The Fed is unplugging the money printer.

The past few weeks have been brutal for investors. Markets are seemingly rerating every asset (stocks, bonds & crypto). As a young investor, this is the first time seeing how markets react to substantial inflation. The Fed is the elephant in the room, and it will be interesting to see how the bond market reacts when next month $95 billion of Fed liquidity is removed.

Chairman Powell held too long the idea of inflation being “transitory.” In November 2021, Powell’s rhetoric emphasized the need to be aggressive when tackling inflation. Powell is in a no-win situation, the dual mandate (stable prices & low unemployment) shapes his focus on combating inflation via the brute force measure of raising aggressively. With inflation in focus, attention to asset prices seemingly is not a Fed priority.

A soft-landing is ideal but unlikely. The bond market is important to watch and with the $95 billion rolling off will it cause the bond markets to become disorderly?

The chart below highlights how deep this sell-off has been.

Good tweet by Cullen Roche outlining the wealth destruction

During market turmoil, the only salivation is to have a long-term orientation. For me, Warren Buffet is the ultimate long-term investor. I thought it would be worthwhile to review some nuggets of wisdom from the Oracle. Warren Buffet is arguably the greatest investor of all time but more impressive is his charm, humbleness, and integrity have remained intact. Through the years Berkshire Hathaway letters have become a popular read by the investment community. The letters recap Berkshire’s yearly financial performance but interwoven is Warren’s perspective on the current business climate and investment landscape. These letters reveal Buffet’s charm and ability to think long-term which is needed to be successful in life and business. Below are five timeless quotes from the Oracle and further proof that his business and investment principles can aid anybody.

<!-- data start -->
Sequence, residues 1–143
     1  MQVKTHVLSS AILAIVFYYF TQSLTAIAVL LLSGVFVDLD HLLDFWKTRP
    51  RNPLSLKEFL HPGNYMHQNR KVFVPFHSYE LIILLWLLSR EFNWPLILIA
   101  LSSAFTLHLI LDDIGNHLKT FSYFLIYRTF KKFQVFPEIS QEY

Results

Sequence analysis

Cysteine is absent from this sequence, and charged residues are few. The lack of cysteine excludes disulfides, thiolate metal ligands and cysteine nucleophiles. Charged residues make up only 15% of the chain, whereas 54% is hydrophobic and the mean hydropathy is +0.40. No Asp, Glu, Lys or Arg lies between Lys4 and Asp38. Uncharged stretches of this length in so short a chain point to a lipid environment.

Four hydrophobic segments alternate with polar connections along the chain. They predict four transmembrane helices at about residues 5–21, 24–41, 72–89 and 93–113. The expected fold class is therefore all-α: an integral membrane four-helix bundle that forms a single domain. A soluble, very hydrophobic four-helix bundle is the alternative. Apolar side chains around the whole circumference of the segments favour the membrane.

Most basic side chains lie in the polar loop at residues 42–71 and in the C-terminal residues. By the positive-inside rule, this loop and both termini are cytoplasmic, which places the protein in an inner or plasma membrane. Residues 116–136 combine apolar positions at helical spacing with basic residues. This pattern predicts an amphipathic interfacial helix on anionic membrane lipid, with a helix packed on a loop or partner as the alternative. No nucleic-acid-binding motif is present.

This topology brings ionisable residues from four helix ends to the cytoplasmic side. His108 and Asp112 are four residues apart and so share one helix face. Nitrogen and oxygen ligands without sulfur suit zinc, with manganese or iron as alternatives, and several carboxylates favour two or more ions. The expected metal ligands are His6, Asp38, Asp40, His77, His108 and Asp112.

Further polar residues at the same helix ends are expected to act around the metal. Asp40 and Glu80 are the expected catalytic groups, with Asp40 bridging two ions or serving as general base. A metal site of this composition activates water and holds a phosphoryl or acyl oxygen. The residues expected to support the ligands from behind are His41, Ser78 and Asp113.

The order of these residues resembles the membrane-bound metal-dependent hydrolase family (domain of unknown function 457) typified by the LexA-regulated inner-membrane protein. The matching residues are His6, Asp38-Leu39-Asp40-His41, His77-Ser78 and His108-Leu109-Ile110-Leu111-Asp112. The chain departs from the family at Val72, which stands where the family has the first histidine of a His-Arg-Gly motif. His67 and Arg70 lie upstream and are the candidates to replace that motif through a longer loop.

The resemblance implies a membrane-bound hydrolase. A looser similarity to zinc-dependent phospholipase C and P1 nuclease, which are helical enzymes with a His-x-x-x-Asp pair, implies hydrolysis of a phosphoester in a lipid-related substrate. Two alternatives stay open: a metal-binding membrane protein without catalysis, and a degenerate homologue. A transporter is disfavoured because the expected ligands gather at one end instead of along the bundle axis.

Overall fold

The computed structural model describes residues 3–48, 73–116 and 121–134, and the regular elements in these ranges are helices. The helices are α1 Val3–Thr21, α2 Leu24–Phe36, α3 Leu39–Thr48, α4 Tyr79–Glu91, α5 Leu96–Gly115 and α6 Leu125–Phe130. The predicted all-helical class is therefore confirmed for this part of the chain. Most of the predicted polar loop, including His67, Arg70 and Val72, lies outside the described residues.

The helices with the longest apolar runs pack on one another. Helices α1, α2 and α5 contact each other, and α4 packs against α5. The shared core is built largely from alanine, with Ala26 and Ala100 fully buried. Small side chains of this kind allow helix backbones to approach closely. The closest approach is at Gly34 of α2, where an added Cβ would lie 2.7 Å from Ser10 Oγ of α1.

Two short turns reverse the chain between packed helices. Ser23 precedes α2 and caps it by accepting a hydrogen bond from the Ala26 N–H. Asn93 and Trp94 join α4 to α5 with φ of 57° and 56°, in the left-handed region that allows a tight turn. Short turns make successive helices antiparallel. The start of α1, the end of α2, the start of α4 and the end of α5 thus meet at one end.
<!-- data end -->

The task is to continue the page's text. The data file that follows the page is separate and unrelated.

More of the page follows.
One of the lessons your management has learned — and, unfortunately, sometimes re-learned — is the importance of being in businesses where tailwinds prevail rather than headwinds.

1977 Shareholder Letter

Our policy is to concentrate holdings. We try to avoid buying a little of this or that when we are only lukewarm about the business or its price. When we are convinced as to attractiveness, we believe in buying worthwhile amounts.

1978 Shareholder Letter

Berkshire’s economic goal remains to produce a long-term rate of return well above the return achieved by the average large American corporation. Our willingness to purchase either partial or total ownership positions in favorably-situated businesses, coupled with reasonable discipline about the prices we are willing to pay, should give us a good chance of achieving our goal.

1982 Shareholder Letter

Whatever the future holds, I make you one promise: I’ll keep at least 99% of my net worth in Berkshire for as long as I am around. How long will that be? My model is the loyal Democrat in Fort Wayne who asked to be buried in Chicago so that he could stay active in the party. To that end, I’ve already selected a “power spot” at the office for my urn.

1998 Shareholder Letter

Our lack of tech insights, we should add, does not distress us. After all, there are a great many business areas in which Charlie and I have no special capital-allocation expertise. For instance, we bring nothing to the table when it comes to evaluating patents, manufacturing processes, or geological prospects. So we simply don’t get into judgments in those fields.

1999 Shareholder